The assured abstract detailing means that the space controls the details. The grouping of switches and socket outlets on flush panels forms another kind of folding surface and does not allow the particular to subvert the generalised nature of the space.
There is another reading of the interior as a representation of the Fen landscape, with the powerfloated concrete floor as the polished earth and the vault of the ceding as the sky, or perhaps a great cloud, that allows light into the interior through little pockets. The decision not to break the vault with natural light maintains the enfolding sense of the interior space. The outside is kept outside. The inside contemplates the outside. It is a space for thinking and reflection.
The constantly changing views allied with the shifting surfaces are furthered by the way in which the plan is set down. It is rather as if the house as a collection, or gathering, of spaces was conceived in the mind’s eye and only set down on paper to allow the space to be built. There is a feeling of a new sense of space, of an ‘architecture’ freed from the tyranny of the plan; a feeling of a way of describing complex organic space through folding surfaces round and over living space, ‘in such a way that life can unfold,’ as Haring put it.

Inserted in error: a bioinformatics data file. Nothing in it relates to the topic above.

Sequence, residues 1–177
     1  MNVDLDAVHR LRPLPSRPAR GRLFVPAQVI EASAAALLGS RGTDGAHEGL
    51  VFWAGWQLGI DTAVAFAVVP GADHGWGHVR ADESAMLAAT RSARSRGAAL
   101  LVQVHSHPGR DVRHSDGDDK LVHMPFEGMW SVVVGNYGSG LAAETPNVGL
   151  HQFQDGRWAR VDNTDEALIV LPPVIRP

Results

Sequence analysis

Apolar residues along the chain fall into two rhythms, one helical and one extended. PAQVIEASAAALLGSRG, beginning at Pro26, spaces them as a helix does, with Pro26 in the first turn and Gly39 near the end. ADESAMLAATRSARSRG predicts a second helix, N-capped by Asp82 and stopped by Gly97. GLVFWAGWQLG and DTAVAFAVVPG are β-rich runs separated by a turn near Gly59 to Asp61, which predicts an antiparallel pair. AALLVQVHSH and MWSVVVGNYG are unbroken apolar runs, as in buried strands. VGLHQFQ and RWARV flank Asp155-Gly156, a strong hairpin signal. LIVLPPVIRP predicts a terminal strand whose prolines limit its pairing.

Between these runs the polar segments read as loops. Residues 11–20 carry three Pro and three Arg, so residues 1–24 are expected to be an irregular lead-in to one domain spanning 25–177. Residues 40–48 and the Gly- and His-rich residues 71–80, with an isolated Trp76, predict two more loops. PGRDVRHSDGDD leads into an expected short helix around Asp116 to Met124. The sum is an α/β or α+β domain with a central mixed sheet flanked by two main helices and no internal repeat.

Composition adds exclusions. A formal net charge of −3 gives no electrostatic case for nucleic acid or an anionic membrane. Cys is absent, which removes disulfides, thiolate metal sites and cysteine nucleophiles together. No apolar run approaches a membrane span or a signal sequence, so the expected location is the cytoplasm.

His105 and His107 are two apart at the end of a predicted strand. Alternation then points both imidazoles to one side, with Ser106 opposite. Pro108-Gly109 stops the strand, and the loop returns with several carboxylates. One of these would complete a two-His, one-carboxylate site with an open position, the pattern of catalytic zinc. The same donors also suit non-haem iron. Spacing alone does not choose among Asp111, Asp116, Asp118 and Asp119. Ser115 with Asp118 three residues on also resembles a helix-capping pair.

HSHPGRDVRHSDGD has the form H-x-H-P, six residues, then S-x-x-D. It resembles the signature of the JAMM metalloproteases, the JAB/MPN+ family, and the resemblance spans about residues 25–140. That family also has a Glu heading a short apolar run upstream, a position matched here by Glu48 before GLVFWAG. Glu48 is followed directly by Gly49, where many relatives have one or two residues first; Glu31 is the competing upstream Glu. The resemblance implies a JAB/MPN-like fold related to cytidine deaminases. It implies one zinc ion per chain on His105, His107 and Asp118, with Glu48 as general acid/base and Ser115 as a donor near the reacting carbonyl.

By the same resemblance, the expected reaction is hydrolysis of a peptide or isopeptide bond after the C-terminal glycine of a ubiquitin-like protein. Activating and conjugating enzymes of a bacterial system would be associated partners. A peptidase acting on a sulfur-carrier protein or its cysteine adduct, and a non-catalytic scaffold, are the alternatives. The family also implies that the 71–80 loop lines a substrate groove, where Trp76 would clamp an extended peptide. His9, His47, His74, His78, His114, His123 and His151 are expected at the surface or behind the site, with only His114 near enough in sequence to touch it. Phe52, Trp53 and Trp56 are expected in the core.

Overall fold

If I have concentrated on attempting to describe the character of the interior space it is because I consider that to be the real ambition of any good house. This extraordinary interior is held within a beautifully detailed brick envelope positioned just at the edge of the village; the carport acts as a portico shielding the strange house from the curious gaze of the villagers. The black stained wooden fence demarcates the threshold of the garden. The positioning of the house is an assured piece of place-making. Lewerentz’s savage metaphysical detailing has been domesticated - the large sheets of glass are held tautly within minimal galvanised frames - the opening windows generously framed in dense black-stained softwood to give the handles room to work. The flush pointing to the Sussex bricks demonstrates the idea of the wall (with a generous cavity to avoid any ingress of moisture into the interior skin). The flushness of the north and west facades reinforces the presence of the brick house set between the barn and the church, between the agricultural and the spiritual, between work and prayer; somewhere to live.
1 H Haring, Wege zur Form, 1925